Stretching ahead

They were the forerunners of supervised exercise and they pioneered sport rehabilitation. Graham Clews reflects on the work of the remedial gymnasts

They effectively invented aerobics, then were subsumed into the CSP, and now their techniques are back in vogue. The remedial gymnasts, whose Association of Remedial Gymnasts and Recreational Therapists merged with the CSP 25 years ago, brought group instruction and a focus on exercise to the physiotherapy profession. Many young physios were not even born when RG was a profession all of its own, and former RGs say youngsters know little of its history. From a forces background (see box) RGs numbered no more than around 500 at their peak. But those relatively few practitioners had a significant effect on physiotherapy, particularly in sport rehabilitation. John Langridge was a graduate of the first remedial gymnast course for school leavers offered at Pinderfields Hospital in 1963 and he also trained as a physiotherapist. He credits RGs’ influence as the result of a pioneer spirit and the pride of existing as a minority working close to a much larger profession. ‘The training was based on exercise and the raison d’etre of RGs was class-taking,’ he says. ‘RGs therefore became confident in front of groups. The early RGs had a forces background, which gave them a natural authority.’

Positive influence

Helen Eales was one of the first civilian and female RGs, and she says RGs had a new way of approaching rehabilitation that often had a real impact on their colleagues in the health service. ‘It was not a passive therapy, we challenged the patients,’ she says. ‘It was very positive and we encouraged people to think that they can do it and they can get better. It was also fun and we used lots of adapted games. But the patients got a lot out of it, it wasn’t just fun and games for the sake of it. ‘We took the emphasis away from the injury and translated it into a positive back-to-work approach,’ she says. ‘RGs brought that approach to physiotherapy, but both professions learnt from each other.’ As the former Arsenal and England physio, and originally an RG by training, Fred Street says: ‘In the 40s and 50s the ex-service physical training instructors came out of the RAF and jollied people along and got them fit.’ He agrees that it was a move away from ‘passive’ physiotherapy. ‘It’s probably not very politically correct to say it, but a lot of the RGs were chaps who were a bit older than some of the physiotherapists. They had more experience of life in general, and consequently were a bit more confident’, he says. RGs’ real contribution, he says, was dealing with large groups of people, particularly in the days of rehabilitation centres. There were rehab centres for miners in the north, centres for dockers in port cities, and there was one just for Ford car workers in Dagenham. Many of the remedial gymnasts completed the full physiotherapy training and worked as physiotherapists in a wide range of fields.  Some became leaders in their respective fields with the most notable in the field of sport.  The nationally best known was Bertie Mee, who ran the Medical Rehabilitation Centre in Camden Road, north London, before he became the physiotherapist at Arsenal. He later took the role of manager of that club leading them to the league and FA Cup double in 1970-71.  Bertie Mee also helped to raise the standard of physiotherapy in the football league, setting up courses to train club ‘physios’ and later persuading all major clubs to employ chartered physiotherapists. Following him to Arsenal was Fred Street, and another major figure was Lawrie Brown, who initially worked in football with Manchester United, and later followed Bernard Thomas as England cricket team physio.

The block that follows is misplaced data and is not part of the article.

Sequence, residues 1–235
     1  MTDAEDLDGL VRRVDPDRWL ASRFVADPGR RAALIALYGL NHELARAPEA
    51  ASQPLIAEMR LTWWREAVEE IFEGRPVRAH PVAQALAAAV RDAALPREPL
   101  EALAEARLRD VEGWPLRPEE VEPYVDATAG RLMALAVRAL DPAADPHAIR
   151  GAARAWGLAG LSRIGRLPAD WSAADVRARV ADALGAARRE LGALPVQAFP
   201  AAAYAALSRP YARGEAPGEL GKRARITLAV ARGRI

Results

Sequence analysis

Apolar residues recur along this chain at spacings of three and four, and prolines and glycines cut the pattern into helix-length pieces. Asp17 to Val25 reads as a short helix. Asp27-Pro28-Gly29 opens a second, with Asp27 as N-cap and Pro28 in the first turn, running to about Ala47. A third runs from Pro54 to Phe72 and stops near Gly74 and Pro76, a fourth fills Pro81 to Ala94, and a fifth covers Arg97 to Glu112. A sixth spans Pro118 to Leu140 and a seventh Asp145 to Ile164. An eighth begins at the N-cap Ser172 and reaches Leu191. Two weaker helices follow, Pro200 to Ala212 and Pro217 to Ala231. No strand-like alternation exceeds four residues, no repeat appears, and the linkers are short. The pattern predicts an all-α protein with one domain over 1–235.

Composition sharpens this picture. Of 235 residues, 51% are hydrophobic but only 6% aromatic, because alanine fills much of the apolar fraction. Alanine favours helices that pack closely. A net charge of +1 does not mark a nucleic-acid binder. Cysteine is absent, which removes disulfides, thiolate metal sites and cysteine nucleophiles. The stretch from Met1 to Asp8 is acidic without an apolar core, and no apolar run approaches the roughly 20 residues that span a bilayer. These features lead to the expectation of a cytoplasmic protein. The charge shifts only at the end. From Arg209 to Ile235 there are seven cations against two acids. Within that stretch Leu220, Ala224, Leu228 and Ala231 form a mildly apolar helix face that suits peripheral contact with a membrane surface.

Coming together